Miracle cow kicked poverty out of Mukagatare’s life

Grâce Mukagatare does not stop praising God for what she calls a miracle—a cow she acquired through One Cow per Poor family programme—that transformed her life.
Grâce Mukagatare sorting beans at her home. Sunday Times/Jean-Pierre Bucyensenge
Grâce Mukagatare sorting beans at her home. Sunday Times/Jean-Pierre Bucyensenge

Grâce Mukagatare does not stop praising God for what she calls a miracle—a cow she acquired through One Cow per Poor family programme—that transformed her life.

A new comer to Mukagatare’s home in Rimba Cell, Tumba Sector in Huye District could mistake her house for a place of worship.

“Some people have been asking whether I have set up a church here,” the 59-year-old woman said in an interview from her home in Gitwa village.

Indeed, her gate is inscribed with the words ‘Shimwa Mana’ (Thank You God) in big characters that can be well read from a distance. And, after stepping past the gate, well shaped rocks painted white and deposited in a well maintained garden are inscribed with names of biblical places.

Jerusalem, Jericho, and Bethlehem are some of the places written on the rocks, alluding to Jesus’ movements from his birthplace to places where he performed miracles.

Other stones at the home are also inscribed with God’s Commandments and strange words, such as one called Yakini that even Mukagatare says she doesn’t know what it means but insists were inspired by God. But the word is followed by a sentence in Kinyarwanda, Hari imbaraga (There’s strength), that the woman suspect might be the explanation of the “strange word.”

Some online platforms, however, define the word as ‘Truth’.

“I carried the stones myself,” Mukagatare reveals, speaking of “hearing voices in her heart” at several occasions, which pushed her to transport them. “At the beginning, I really didn’t know what the stones were for. I only understood the purpose when God inspired me to write on them.”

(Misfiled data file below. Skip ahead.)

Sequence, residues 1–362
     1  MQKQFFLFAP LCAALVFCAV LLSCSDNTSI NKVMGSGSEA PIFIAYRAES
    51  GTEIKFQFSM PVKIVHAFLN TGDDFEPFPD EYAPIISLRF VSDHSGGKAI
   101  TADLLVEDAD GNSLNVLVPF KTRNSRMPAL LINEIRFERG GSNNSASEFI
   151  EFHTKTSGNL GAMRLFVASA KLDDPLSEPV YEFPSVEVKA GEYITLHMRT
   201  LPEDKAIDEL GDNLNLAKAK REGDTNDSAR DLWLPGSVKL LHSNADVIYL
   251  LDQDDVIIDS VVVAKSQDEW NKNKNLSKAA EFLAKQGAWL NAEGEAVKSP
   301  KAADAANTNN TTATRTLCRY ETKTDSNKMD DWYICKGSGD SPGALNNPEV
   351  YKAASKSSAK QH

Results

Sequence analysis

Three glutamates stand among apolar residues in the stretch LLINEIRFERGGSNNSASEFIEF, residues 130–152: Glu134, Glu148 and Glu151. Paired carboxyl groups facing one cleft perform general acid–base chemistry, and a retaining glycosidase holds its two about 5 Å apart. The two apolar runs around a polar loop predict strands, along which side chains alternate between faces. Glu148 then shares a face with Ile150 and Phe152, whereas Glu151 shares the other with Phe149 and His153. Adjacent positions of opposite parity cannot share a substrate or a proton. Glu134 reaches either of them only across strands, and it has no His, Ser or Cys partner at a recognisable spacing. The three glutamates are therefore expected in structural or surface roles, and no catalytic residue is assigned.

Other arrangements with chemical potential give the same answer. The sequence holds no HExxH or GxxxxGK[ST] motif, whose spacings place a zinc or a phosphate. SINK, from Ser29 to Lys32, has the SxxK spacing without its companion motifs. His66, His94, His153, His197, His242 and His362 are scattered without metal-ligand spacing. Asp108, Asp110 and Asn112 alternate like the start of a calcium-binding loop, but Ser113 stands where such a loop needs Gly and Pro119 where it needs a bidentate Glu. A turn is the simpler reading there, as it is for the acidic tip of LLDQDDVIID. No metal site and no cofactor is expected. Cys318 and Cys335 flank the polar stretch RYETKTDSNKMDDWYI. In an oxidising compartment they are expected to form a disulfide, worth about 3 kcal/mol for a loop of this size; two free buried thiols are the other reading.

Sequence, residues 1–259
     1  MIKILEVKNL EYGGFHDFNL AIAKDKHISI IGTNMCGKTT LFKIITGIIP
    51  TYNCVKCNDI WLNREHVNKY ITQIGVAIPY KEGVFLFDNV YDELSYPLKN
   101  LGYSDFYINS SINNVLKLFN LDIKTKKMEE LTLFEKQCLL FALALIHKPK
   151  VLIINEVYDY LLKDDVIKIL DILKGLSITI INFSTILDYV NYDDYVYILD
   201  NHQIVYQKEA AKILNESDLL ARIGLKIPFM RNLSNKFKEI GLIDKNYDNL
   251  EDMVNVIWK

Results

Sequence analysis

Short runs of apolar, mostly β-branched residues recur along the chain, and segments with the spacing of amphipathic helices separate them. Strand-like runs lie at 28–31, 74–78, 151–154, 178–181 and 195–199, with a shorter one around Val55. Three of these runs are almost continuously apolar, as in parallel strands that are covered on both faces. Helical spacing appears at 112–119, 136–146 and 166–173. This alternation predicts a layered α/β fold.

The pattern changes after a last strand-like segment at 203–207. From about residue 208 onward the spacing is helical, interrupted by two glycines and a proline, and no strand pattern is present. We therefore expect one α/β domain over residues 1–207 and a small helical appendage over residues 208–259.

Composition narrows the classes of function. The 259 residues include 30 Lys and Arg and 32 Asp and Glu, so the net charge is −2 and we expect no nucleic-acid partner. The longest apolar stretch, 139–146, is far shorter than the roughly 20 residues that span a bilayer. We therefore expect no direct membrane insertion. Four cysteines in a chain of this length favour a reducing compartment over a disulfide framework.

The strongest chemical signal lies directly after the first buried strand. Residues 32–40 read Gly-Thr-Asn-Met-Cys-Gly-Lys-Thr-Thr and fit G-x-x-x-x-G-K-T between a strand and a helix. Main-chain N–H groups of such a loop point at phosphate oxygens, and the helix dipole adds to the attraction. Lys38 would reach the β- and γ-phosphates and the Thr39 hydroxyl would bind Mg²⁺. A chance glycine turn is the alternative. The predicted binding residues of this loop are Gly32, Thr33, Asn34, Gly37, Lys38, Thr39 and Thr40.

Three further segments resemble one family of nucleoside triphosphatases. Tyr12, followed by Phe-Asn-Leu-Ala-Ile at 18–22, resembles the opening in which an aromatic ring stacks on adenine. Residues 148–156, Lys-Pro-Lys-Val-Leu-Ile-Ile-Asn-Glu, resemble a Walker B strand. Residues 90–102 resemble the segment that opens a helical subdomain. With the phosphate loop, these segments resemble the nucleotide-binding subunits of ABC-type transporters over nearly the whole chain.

She speaks about how she wanted to praise God for taking her out of abject poverty.

Miracle cow

Mukagatare says that her life started to take a positive direction in 2006 when she received a ‘miracle Cow’ from the government-sponsored One Cow per Poor Family programme.

She had lived a poor life since she returned from exile in 1995. She tried to grow food crops on a piece of land that the government gave her in the outskirts of Huye town, but failed to make a decent living. Then she resorted to selling alcohol at her home-based small bar, but still remained poor—living in grass-thatched hut with her nine children.

In 2006 she obtained a donation of a cow, which she describes as a gift from God and a miracle.

“One day I came back from work in the farm and sat down drinking a Primus beer. As I drunk, I looked at the bottle and said, ‘Oh! God! Why can’t you relieve me from beer? I need milk.’ The next morning local leaders knocked at the door and told me that I had been chosen to receive a cow as part of the One Cow per Family.”

Commonly known as ‘Girinka’, One Cow per Family is a plan of the Rwandan government which aims to improve the incomes of those living in rural areas by donating cows to them.

Mukagatare is among some 133,207 poor families that have received cows since the programme was launched in 2006.

“I was not a practicing Christian but from the time I received the cow, I knew God listens to our prayers and answers them,” she said.

As a thank-you sign for the ‘miracle’, Mukagatare said that she shut down her bar even if it was the source of income for her family.

“Surprisingly, my life improved tremendously when I was relying on only one cow than when I was running a bar,” she said. “Bringing God into my life opened my eyes. He showed me how to work to improve my productivity.”

Mukagatare says the cow, which gives her 12 litres of milk per day, helped her put up a decent house over her head. She currently lives in a modern and well furnished house.

She recently sold four Friesian cows to respond to some of her needs at home and give her house a facelift. Her two remaining Friesian cows are reared in the outside shade of her house.

“I am better off today than I used to be,” she said with a soft smile.

 

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